The analysis by the New York-based TransitCenter advocacy group, using data from the U.S. Department of Transportation’s National Transit Database, raises alarm about the state of “legacy” public transit systems in the Northeast and Midwest, and rising vehicle ownership and car-based commuting in cities nationwide.
Researchers concluded factors such as lower fuel costs, increased teleworking, higher car ownership and the rise of alternatives such as Uber and Lyft are pulling people off trains and buses at record levels.
The data also showed 2017 was the lowest year of overall transit ridership since 2005, and bus ridership alone fell 5 percent.
“I think it needs to be considered an emergency,” said Jarrett Walker, a transit planner who served as a consultant on a top-down bus network redesign to curb declining ridership in Houston. “When we don’t share space efficiently, we get in each other’s way. And that is a problem for the livelihood, the viability, the livability and the economy of a city . . . . It means more traffic, more congestion.”
The Washington region’s overall ridership fell in the middle of the pack with a 3.4 percent decline in overall trips between 2016 and 2017. Specifically, Metro’s ridership dropped by 3.2 percent. The trend was largely driven by a 6 percent decline in bus ridership. Dramatic losses to subway ridership, including a 10 percent decline in 2016, had appeared to level off by 2017, when the total number of trips fell by about a percent and a half.
Metro has said about 30 percent of its ridership losses are tied to reliability issues, with teleworking, a shrinking federal workforce, Uber and Lyft, and other factors to blame for the rest.
Exceptions to the trend: Seattle, Phoenix and Houston, which either expanded transit coverage and boosted service or underwent ambitious network overhauls, as in Houston’s case. (New Orleans ridership stayed flat.) In 2015, the Houston bus system was transformed overnight from a traditional hub-and-spoke design focused on downtown to a grid that apportioned equal service to other parts of the city. In the aftermath of the redesign, the system saw significant weekend ridership gains and quelled a trend of dramatic losses that included losing a fifth of its ridership over a little more than a decade.
That was not the case for the majority of U.S. cities. Between 2016 and 2017, ridership fell in each of the seven largest transit markets: New York, Chicago, Los Angeles, D.C., San Francisco, Boston and Philadelphia.
Transit researchers said it is crucial for cities and transit agencies to slow the losses even amid declining revenue, as alternatives threaten to lure people back into cars, particularly as shared rides become cheaper with the arrival of autonomous vehicles. The problem: The declines mean a decrease in farebox recovery, which can often lead to fare increases and reduced service, as in Metro’s case.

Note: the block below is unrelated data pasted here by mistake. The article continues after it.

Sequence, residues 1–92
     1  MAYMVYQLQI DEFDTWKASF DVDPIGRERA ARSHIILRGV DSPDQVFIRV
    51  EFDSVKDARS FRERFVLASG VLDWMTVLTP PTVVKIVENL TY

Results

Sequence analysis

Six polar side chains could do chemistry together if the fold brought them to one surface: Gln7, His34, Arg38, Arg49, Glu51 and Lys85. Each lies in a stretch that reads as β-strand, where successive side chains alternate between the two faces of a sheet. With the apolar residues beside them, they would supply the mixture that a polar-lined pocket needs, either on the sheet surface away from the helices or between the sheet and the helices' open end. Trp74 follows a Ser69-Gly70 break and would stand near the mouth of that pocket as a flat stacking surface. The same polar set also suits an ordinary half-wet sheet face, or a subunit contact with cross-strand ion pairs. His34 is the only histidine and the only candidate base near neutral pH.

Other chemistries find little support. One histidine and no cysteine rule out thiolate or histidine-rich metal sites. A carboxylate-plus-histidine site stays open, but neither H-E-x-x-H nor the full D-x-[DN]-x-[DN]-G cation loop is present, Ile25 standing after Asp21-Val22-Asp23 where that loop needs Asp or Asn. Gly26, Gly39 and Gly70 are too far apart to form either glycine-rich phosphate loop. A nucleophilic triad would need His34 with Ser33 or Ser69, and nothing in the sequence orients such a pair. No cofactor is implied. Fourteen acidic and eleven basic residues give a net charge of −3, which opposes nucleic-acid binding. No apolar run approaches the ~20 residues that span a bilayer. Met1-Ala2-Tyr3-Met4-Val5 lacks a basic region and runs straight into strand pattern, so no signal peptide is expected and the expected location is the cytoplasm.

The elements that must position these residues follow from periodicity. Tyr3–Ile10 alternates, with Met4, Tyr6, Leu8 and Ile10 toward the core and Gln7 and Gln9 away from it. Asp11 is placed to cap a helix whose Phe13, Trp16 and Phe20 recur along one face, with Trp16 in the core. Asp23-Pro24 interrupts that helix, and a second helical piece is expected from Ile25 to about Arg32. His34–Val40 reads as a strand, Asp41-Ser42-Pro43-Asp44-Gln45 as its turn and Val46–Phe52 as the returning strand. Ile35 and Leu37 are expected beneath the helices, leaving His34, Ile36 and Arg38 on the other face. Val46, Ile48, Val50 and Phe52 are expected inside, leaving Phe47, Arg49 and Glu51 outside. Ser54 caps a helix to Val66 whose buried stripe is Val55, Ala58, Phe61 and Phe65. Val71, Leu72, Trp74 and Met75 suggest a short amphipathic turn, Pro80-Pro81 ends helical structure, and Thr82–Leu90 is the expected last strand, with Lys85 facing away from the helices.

“The thing that’s perhaps a little bit more scary about this downturn [is] the prospect of technology will continue to nibble away [riders],” said Steven Polzin, program director for mobility policy research at the University of South Florida’s Center for Urban Transportation Research. He laid out the factors responsible: online shopping, distance learning, teleworking, ride-hailing apps and alternatives such as bike sharing.
Polzin described what he called a “tough political sell” for agencies faced with decreasing ridership.
“Ridership declines, and then fare revenue declines, and then you have to cut service which means ridership declines more,” he said. “So folks get nervous about the cyclical nature of the decline because of lost fare revenue. But [ridership declines] also undermine kind of the public will to invest additional subsidy dollars and service as well. It’s very hard to go to your government and say ‘My ridership is down 10 percent, and I need more money to subsidize 10 percent less riders.’ ”
Planners warn that cities simply do not have the capacity to handle a wholesale shift to other modes — whether today’s version of ride hailing, driving or eventual ride sharing through autonomous vehicles. Those alternatives, Walker said, are no match for “the basic geometry problem that only transit can solve — which is to move large numbers of people through a city in very little space.”
But some researchers said declining ridership is not always indicative of transit’s failures.
Los Angeles-area transit agencies have seen dramatic bus ridership declines since the mid-2000s, with overall bus ridership falling about 30 percent over the course of a decade, according to the TransitCenter analysis.